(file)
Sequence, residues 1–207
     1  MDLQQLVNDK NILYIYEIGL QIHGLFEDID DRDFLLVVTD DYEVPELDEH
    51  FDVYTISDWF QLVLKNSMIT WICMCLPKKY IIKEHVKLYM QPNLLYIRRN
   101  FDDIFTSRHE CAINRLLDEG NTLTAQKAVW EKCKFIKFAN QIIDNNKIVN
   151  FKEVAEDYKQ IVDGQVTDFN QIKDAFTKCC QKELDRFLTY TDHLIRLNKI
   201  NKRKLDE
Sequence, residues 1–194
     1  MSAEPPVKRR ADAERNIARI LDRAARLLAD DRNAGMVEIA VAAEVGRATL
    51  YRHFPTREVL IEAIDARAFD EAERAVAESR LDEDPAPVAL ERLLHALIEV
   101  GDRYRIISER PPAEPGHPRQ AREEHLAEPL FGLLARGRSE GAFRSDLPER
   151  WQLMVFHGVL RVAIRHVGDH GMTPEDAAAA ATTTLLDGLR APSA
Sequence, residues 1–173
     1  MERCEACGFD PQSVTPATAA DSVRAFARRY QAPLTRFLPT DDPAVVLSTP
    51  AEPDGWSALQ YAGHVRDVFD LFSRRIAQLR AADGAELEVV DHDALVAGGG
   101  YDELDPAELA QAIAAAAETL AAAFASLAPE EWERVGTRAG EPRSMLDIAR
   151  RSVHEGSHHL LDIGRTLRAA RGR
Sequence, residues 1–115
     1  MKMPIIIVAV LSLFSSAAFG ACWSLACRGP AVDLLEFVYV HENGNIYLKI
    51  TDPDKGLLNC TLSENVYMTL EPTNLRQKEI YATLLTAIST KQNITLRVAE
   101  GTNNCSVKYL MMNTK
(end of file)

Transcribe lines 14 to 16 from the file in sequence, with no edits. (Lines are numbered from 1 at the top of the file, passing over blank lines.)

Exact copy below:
    51  AEPDGWSALQ YAGHVRDVFD LFSRRIAQLR AADGAELEVV DHDALVAGGG
   101  YDELDPAELA QAIAAAAETL AAAFASLAPE EWERVGTRAG EPRSMLDIAR
   151  RSVHEGSHHL LDIGRTLRAA RGR